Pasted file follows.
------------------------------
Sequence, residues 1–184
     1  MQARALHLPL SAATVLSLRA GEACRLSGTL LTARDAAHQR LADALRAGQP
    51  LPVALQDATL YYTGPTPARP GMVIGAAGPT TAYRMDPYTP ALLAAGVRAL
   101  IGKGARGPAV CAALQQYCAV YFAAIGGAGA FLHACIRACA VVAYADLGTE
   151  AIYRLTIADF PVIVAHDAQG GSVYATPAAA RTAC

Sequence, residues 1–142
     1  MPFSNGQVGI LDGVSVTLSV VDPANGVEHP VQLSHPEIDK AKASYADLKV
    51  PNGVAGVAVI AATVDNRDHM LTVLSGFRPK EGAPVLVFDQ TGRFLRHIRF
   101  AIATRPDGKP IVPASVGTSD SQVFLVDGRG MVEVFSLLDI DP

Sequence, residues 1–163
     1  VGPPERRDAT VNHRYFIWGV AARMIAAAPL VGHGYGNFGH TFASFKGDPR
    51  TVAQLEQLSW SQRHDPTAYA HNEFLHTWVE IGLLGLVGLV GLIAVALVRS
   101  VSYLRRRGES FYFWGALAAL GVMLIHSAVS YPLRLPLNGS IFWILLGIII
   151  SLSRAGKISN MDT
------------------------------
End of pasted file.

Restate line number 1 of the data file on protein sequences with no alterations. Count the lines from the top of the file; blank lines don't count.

Sequence, residues 1–184